In wake of Trump’s election and the president-elect’s renewed vows to deport 2 to 3 million immigrants, organizers across the country are mobilizing to create “sanctuary spaces” for those threatened by the proposed crackdowns. On Wednesday, thousands of students staged walk-outs on over 80 campuses nationwide, signalling their commitment to maintain “sanctuary campuses” to protect immigrant students. Demonstrators also presented their school administrations with specific demands, including commitments to refuse campus access to Immigration and Customs Enforcement officials, continued support of the Deferred Action for Childhood Arrivals, or DACA, program, and the protection of students regardless of documentation status.
Cosecha organizer Carlos Saavedra was encouraged by the turnout on Wednesday, and says the coming weeks will be crucial for the movement. “The election of Trump has a lot of people angry and fearful, and many — both immigrant and non-immigrant — want to get involved,” he said. “The question for us now is how to channel that energy into an organization that doesn’t back down.”
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Saavedra says that while many communities may be affected by the election of Donald Trump, many immigrants, particularly those in the undocumented community, feel “they may be first on the chopping block.” Saavedra worries about his own brother, a DACA “Dreamer,” who may be “one of the first to go” if Trump makes good on his promise to repeal the DACA program.
Cosecha’s long-term goal, says Saavedra, is to change the national narrative surrounding the immigrant community by combating xenophobia and promoting “permanent protection, dignity and respect” for all. The movement is structured horizontally as a network of “activist circles” that each consist of anywhere between 3 and 150 people across the country. Cosecha offers training and action plans for groups, schools and congregations wishing to join their movement, and encourages diversity and daring. “Our movement needs musicians, artists, dancers, creatives, mothers, daughters, workers, street-intellectuals, poets, academics, students,” reads their website. “We encourage risk-taking.”
Cosecha has already overseen numerous direct actions to both combat anti-immigrant policies and to elevate the visibility of immigrants as a part of the American social fabric. Under the slogan #HechoPorInmigrantes, or “#BuiltByUs,” Cosecha launched a campaign to highlight the role of immigrant labor in the United States.
“We are the pillars of the economy,” Thaís Marques said in a statement released by the movement. “As immigrants, we feel a burning indignation when we listen to politicians, the media and Trump supporters give reasons why we should be deported; why our families should be separated; why our contributions to this country hold no value.”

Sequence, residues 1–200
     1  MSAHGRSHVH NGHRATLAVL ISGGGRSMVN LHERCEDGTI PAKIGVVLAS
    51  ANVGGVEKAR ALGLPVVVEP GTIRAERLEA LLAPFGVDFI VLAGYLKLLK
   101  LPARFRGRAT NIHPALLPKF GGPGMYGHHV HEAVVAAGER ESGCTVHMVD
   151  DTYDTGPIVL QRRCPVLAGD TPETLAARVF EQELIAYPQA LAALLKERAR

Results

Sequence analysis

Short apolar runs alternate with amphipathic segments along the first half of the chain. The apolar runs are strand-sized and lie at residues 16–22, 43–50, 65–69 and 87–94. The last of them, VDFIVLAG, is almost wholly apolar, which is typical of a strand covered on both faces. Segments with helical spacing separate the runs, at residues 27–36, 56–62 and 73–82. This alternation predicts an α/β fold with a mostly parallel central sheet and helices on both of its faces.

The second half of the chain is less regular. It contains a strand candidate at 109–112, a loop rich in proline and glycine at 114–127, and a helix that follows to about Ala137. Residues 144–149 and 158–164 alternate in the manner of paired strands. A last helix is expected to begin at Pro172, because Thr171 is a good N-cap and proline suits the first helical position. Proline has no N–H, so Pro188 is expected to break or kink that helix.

Cosecha has taken particular aim against Donald Trump’s use of undocumented workers, including his employment of 200 unauthorized workers in the construction of Trump Tower for a wage of $5 a day.
In August, Cosecha members staged a direct action at Trump Tower in Manhattan in August by barricading themselves to the front door in nonviolent protest of Trump’s anti-immigrant rhetoric. The action resulted in several arrests, but the group was back a week later with another act of creative resistance, projecting images of undocumented workers on the gleaming walls of a building directly across the street. In the short film they produced of the action, the workers held signs reading “Sin manos, no hay obra,” or “Without hands, there is no work.”
More recently, Cosecha has worked to raise awareness about the “Buffalo 25,” a group of undocumented workers who — earlier this month — were abruptly rounded up and detained during a restaurant raid in Buffalo, New York. In early November, Members of Cosecha occupied Hillary Clinton’s campaign office in Pittsburgh to draw attention to the 25 detainees, calling on the then-presidential nominee to commit to protecting the rights of the detainees and their families.
Today, Cosecha is working to gather 100,000 signatures for its petition for a targeted boycott. Organizers hope that leveraging consumer power on a mass scale will “break the anti-immigrant consensus that has solidified after Trump’s victory.” Organizer Vera Parra told Hyperallergic “we trust that when the immigrant community uses its economic and labor power to show the broader public what this country would really look like without immigrants, legislation will follow.” Saavedra agreed, saying that while his community is shaken, “there’s also a real sense of resiliency. We’ve been through pain before, and if we can stay serious and organized, we will figure this out.” If done right, Saavedra said, “this could be an opportunity to redefine the country.